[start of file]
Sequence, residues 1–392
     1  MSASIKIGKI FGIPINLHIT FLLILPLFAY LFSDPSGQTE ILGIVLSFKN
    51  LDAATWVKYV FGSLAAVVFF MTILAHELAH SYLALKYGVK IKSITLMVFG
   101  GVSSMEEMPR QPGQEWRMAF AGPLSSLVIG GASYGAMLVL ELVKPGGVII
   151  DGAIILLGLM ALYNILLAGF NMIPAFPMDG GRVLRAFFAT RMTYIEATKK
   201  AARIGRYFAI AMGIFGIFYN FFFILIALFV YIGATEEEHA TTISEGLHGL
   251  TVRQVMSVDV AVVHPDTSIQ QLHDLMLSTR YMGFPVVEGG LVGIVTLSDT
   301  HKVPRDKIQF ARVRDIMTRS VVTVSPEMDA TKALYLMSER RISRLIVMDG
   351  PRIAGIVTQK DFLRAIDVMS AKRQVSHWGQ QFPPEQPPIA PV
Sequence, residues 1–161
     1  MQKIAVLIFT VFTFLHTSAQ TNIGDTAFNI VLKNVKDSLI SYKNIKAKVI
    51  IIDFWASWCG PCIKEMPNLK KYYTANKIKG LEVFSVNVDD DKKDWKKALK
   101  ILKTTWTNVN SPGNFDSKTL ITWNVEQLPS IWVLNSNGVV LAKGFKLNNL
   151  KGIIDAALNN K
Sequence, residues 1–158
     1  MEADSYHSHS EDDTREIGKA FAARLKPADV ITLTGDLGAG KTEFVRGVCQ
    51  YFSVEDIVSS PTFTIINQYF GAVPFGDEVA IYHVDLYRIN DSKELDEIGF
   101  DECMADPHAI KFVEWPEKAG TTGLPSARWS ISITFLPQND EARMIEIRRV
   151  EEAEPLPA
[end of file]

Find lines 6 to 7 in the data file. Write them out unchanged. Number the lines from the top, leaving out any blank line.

   201  AARIGRYFAI AMGIFGIFYN FFFILIALFV YIGATEEEHA TTISEGLHGL
   251  TVRQVMSVDV AVVHPDTSIQ QLHDLMLSTR YMGFPVVEGG LVGIVTLSDT